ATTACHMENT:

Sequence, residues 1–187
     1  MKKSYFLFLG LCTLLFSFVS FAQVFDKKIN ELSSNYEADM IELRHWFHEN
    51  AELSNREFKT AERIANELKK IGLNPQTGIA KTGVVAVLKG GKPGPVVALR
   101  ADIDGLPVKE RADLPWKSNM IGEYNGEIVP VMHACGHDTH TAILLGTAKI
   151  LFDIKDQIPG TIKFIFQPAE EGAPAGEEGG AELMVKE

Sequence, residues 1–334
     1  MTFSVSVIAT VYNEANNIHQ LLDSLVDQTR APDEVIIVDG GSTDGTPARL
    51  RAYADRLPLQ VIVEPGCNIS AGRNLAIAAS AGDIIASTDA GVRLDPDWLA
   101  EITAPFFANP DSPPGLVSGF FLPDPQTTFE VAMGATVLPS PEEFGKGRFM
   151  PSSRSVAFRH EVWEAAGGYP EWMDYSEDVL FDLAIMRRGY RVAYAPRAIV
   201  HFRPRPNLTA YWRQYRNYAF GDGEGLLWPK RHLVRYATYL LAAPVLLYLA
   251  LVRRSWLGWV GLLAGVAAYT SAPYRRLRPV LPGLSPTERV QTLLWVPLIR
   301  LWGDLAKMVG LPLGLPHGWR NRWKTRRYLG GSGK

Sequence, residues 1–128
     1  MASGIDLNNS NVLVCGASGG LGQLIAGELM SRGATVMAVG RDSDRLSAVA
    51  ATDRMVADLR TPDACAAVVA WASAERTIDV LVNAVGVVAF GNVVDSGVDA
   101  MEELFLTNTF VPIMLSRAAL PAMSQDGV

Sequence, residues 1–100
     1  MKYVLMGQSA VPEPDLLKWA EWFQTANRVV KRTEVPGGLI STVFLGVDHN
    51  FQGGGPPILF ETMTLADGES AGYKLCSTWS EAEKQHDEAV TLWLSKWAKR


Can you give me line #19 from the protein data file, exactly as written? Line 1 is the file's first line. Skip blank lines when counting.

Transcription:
     1  MKYVLMGQSA VPEPDLLKWA EWFQTANRVV KRTEVPGGLI STVFLGVDHN